Tuesday, 4 August 2015


As Richard had still got his Canadian friends staying with him and they were going elsewhere, I had a single visit to Rutland Water to have some time {hopefully after last week} with some Little Owls and also pull in some Dragonflies and finally a visit with the Ospreys.

Having left home at about 14.00 hrs I set on my normal route and headed for our first Little Owl Site, no Little Owl evident, I thought here we go again??. Onto Site 2 and low and behold sat well up in the tree was an adult taking in the sun. I then passed Sites 4 & 5  with no birds showing but then at Site 6 I eventually spotted a bird sat in the guttering, this bird had me spotted before I saw him. I then visited Sites 7, 9 & 10 but nothing showing so onto Site 12 and sitting on the barn door was a Little Owl, I was already three fold on last weeks numbers, sorry Arthur {Jonah} I don't blame you for last week numbers.

I then headed for a quick visit to the Egleton Reserve and hopefully some Dragonflies, saw good numbers of Southern, Brown and Common Hawkers but would they land, I was up and down the usual track we see them on numerous times and eventually gave up, and fed up as they were so evasive.

So quickly back to the car park and away to the Lyndon Reserve, on arrival I had my usual chat with Paul who told me they had been seeing a Kingfisher from Tufted Duck Hide on a regular basis fishing, must have a nest nearby with so many visits, so with this advice I set on my way straight to the Hide, but after about twenty minutes and no signs, I then made my way to Shallow Water Hide as Paul had also told me that John Wright was in the hide getting some images of the Ospreys. I had about 30 minutes chatting with John in the hide as no one else was resident, mostly on how quick the level of the reservoir has fallen, I would estimate the level has gone down a good 1.2 metres, this over 2500 acres is a lot of water, more than someone leaving the tap running!!. John then said he was away as the young were doing nothing but was sure as soon as he left something would happen, so he packed all his kit away and left the hide. Within seconds the adult female left the camera post and headed towards Waderscrape Hide, gaining height and I thought initially she was just going for a wing stretch, but then she suddenly turned and then I saw eventually she had gone up to intercept an intruder Osprey. She gave chase with great gusto and eventually when the chase was almost over the male 33/11 joined in. {I'm sure he was asleep on the T post as he is usually the first airborne to intercept intruders}. After that he returned to his T post, the young staid in place and the female went on a fly about  disappearing over Lax Hill, so with this I made my way to Waderscrape Hide to say hello to the volunteers on duty, and then head for the car park as time was passing and my tummy was rumbling for some tea as it was about 18.30 hrs.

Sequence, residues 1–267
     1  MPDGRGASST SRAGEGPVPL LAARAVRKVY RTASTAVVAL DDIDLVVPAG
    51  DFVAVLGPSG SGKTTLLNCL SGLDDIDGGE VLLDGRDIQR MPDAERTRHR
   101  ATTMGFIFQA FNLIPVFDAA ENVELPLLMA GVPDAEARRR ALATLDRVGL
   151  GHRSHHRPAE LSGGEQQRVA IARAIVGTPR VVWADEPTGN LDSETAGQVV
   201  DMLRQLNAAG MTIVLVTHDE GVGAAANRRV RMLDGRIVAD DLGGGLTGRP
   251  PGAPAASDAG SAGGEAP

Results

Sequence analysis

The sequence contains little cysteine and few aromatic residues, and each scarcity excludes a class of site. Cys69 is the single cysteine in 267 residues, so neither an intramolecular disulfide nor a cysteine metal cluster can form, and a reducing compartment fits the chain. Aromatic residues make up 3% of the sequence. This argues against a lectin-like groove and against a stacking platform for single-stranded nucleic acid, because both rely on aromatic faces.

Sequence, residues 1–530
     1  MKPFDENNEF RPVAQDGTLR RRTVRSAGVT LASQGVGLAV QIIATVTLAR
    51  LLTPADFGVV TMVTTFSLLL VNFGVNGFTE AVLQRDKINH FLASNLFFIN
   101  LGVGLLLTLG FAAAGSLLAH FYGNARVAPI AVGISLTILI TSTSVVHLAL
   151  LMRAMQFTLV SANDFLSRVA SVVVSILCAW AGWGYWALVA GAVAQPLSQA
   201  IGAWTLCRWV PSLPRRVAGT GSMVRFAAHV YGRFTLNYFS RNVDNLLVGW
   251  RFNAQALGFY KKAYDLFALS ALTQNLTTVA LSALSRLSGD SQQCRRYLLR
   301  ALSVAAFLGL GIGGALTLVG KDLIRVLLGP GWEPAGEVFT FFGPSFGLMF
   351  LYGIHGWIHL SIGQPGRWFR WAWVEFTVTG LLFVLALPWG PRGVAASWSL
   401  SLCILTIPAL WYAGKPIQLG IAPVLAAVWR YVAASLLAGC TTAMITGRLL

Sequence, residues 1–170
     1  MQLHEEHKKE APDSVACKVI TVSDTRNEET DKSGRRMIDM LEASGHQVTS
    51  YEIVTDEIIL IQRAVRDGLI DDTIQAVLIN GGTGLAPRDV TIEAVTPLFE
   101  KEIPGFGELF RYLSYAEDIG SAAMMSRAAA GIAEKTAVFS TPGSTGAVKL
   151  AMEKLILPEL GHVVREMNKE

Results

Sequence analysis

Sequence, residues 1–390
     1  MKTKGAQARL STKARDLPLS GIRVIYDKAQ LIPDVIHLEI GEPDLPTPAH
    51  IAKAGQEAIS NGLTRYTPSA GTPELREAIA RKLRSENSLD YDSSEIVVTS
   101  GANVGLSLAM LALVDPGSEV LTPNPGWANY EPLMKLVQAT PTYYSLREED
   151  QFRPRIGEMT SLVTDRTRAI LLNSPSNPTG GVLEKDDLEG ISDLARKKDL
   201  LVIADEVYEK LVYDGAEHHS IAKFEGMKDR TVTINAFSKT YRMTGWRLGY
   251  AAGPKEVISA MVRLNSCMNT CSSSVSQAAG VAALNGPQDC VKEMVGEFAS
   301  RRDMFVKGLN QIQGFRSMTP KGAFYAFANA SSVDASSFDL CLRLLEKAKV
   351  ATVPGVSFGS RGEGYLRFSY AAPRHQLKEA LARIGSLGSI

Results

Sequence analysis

I had a bit of tea in the car park and then did our normal route back calling at all the Little Owl Site again. I stopped at Little Owl Sites 9 & 10 for the remainder of my tea, and then resumed our normal route and eventually seeing another owls at Site No. 4, so a great improvement on last weeks tally.

I also had a visit to my farmer friends at Little Owl Site No. 13 to try to get an image of the elusive bird I keep seeing farther up the drive from them, I had no luck again but when Margaret drove home the other evening, a little owl sat on the roof looking at her, so still a chance of an image from what will be Little Owl Site No. 19. 

For those of you that had either followed my blog from early days or have looked back at the posts, my post of the 18th July 2014 was " Barn Owls From 2003 to the Present Day. These are barn owls we are lucky to have on our land. I have been asked by a friend as to why I have not made any more posts on these birds, I told him we didn't want the birds disturbing, his reply was only your pals are aware of who you are and to where you live, no one else would find the birds and knowing you they would leave very quickly. So this week I have a couple of sessions trying to get images of the birds, I set up my tripod, mounted the camera, and then found my super electronic remote button that fitted the D 7100 doesn't fit my new camera, another has been duly ordered but for these initial shots it would have to be hand held and hope for the best???.